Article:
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Lift Off

Posted by tomwhite on October 30, 2006 at 3:50 AM PST

In a previous blog entry I mentioned a literate functional testing framework that we had developed at our company, Kizoom. The framework was initially developed by my colleague Robert Chatley for testing a rather obscure digital TV XML application. After that project we produced a new version of the framework for testing HTML applications, which we used internally for a number of projects with great success. Last month we spend a bit of time cleaning up the API and released LiFT, short for Literate Functional Testing, as an open source project on

Here I'd like to give a flavour of LiFT and why you might want to use it.

Kizoom Summer Party 2004
When you set out to test your web application you need to think about the mechanics of how you interact with the application. Typically this involves fetching pages, finding elements on the page that you want to read (so you can make an assertion about them) and elements you want to change (so you can simulate user input). Often, the code required to handle these aspects obscures the intent of the test. Consider this HttpUnit test to do a Google search for an image of our ill-fated company summer party of two years ago:

import junit.framework.TestCase;

import com.meterware.httpunit.WebConversation;
import com.meterware.httpunit.WebForm;
import com.meterware.httpunit.WebImage;
import com.meterware.httpunit.WebResponse;

public class HttpUnitGoogleTest extends TestCase {

    public void testGoogleImageSearch() throws Exception {
        WebConversation conversation = new WebConversation();
        WebResponse page = conversation.getResponse("");
        assertEquals(page.getTitle(), "Google");
        page = page.getLinkWith("Images").click();
        WebForm form = page.getForms()[0];
        form.setParameter("q", "kizoom");
        page = form.submit();
        assertTrue(page.getText().contains("<b>Kizoom</b> summer party"));
        boolean foundImage = false;
        for (WebImage i : page.getImages()) {
            if (i.getSource().endsWith("summer04.jpg")) {
                foundImage = true;


Hmm, not too clear what it's testing. I'm not trying to single out HttpUnit here - it's a great tool for interacting with web applications, but it's pretty low-level. Of course, I could abstract some of the operations into helper methods to make the test clearer. For instance, the bit at the end where I'm looking for an image is ripe for extracting as a method. In fact, this is the approach we took for years - building libraries of helper functions that made using HttpUnit a bit less of an effort. However, it's not a structured approach. We can do better.

import com.kizoom.lift.NavigatingLiftTestCase;

import static com.kizoom.lift.constraints.Constraints.*;
import static com.kizoom.lift.matcher.Matchers.*;

public class GoogleTest extends NavigatingLiftTestCase {

    public void testGoogleImageSearch() throws Exception {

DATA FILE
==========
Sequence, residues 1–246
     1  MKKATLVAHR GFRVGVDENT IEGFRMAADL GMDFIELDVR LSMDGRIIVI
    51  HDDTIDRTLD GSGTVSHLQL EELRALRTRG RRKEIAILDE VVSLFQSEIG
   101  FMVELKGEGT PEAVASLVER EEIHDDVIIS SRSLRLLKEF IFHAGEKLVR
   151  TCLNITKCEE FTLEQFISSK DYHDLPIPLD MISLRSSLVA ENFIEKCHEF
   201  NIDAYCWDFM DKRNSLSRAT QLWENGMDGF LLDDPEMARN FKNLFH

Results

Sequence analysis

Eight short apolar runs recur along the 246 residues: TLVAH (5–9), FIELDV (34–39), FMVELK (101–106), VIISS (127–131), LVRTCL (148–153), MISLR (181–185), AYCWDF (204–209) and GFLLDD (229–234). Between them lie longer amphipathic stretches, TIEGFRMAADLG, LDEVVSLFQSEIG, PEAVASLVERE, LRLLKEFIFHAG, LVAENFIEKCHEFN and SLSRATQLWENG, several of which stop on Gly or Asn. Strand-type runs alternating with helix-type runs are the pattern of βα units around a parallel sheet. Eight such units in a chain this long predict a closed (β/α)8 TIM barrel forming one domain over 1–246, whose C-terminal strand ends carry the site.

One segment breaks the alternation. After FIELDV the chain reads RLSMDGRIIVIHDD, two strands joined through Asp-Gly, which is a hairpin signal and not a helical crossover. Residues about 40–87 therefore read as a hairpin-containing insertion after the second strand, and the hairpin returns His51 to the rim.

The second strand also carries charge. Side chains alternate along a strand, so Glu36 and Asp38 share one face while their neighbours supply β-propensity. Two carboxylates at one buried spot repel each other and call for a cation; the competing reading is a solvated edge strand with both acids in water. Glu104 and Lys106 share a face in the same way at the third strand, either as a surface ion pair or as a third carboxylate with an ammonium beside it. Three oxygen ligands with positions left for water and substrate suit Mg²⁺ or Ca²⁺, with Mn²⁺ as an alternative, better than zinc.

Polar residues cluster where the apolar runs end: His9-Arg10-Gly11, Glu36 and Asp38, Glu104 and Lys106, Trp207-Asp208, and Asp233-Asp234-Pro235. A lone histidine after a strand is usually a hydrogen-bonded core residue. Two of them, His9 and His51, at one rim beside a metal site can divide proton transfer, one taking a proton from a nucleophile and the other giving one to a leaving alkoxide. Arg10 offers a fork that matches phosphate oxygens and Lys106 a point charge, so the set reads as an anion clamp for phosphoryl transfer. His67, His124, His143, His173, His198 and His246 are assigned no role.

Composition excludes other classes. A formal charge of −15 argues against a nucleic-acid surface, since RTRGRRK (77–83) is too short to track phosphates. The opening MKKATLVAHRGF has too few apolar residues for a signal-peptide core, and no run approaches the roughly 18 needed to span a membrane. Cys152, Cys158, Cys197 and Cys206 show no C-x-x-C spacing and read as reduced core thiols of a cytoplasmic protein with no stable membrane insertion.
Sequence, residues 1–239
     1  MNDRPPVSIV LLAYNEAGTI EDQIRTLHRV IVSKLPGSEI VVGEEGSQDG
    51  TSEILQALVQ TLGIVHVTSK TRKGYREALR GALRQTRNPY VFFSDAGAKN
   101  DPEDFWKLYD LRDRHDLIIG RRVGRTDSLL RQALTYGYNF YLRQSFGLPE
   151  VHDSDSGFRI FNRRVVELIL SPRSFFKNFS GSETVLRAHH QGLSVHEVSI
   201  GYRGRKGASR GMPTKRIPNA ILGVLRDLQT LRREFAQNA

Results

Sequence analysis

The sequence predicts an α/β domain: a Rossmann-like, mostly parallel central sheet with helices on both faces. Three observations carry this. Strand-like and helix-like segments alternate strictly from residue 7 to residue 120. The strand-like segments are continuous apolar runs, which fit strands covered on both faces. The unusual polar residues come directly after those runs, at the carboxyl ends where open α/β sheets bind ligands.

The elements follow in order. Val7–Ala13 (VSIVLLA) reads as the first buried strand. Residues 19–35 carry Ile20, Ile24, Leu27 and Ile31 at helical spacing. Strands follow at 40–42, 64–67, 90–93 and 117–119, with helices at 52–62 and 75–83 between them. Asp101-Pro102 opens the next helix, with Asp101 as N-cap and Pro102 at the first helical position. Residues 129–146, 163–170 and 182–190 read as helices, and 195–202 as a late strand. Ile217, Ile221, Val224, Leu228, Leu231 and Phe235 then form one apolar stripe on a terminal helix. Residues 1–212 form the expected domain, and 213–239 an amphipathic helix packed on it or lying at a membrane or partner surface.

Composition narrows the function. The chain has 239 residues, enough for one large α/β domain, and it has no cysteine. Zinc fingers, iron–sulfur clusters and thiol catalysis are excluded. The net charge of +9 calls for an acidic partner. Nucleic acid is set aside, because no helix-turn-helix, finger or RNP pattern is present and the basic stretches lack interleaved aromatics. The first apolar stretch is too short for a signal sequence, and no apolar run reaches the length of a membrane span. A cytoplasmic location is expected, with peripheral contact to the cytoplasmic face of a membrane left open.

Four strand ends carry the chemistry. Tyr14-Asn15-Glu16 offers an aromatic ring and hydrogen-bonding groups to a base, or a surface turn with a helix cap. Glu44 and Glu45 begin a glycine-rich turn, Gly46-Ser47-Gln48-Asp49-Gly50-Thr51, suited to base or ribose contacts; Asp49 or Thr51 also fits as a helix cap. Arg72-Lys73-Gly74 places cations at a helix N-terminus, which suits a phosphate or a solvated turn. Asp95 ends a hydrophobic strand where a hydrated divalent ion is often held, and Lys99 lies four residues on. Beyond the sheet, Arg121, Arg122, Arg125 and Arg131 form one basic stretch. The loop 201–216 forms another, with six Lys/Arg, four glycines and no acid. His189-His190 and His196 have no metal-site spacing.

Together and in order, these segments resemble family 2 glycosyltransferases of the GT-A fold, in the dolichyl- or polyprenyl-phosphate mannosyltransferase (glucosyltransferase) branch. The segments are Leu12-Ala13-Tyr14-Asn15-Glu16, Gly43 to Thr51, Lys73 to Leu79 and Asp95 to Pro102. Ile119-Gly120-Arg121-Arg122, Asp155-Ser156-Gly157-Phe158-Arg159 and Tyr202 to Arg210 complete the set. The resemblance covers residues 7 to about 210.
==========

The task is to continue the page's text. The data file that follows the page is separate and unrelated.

assertThat(page, has(title("Google")));
        enter("kizoom", into(textField()));
        clickOn(button("Search Images"));
        assertThat(page, has(text("Kizoom summer party")));
        assertThat(it, has(image().withUrlThat(endsWith("summer04.jpg"))));

This is much more concise. But more importantly it is much more readable. Each line can be read as a sentence, either as a jMock-style flexible assertion starting with "assert that", or as a command, such as "click on".

Page navigation is handled for us - we are provided with a page variable which always refers to the current page we are on.

Perhaps the most powerful idea is in the use of matchers. Matchers allow us to refer to bits of the page - so we can assert something about them or do something to them. For example, title("Google") creates a matcher that matches HTML title elements with text content "Google". We then use the has constraint to assert that there is (at least) one such match.
Or take the next line: link("Images") matches a link with text "Images" which we use to navigate to the next page by means of the clickOn action.

Matchers allow for extensibility - it is easy to write your own if you need to - and help avoid the creation of ad hoc helper method libraries. Often you don't even need to go this far, you can refine an existing matcher using any jMock constraint. This is what is done in the last line. The withUrlThat refinement on the image matcher limits the matches to those that meet the given constraint. In this case we use the jMock endsWith constraint to match the image filename.

LiFT still has some rough edges - for example, its error messages are not always as clear as they could be - but it is definitely ready for testing real web applications.
There's much more I could say, but I won't here. If you want to learn more try LiFT out by following the introduction, or read the slides from the talk Robert and I gave at the Google London Test Automation Conference in September, or even watch the video.

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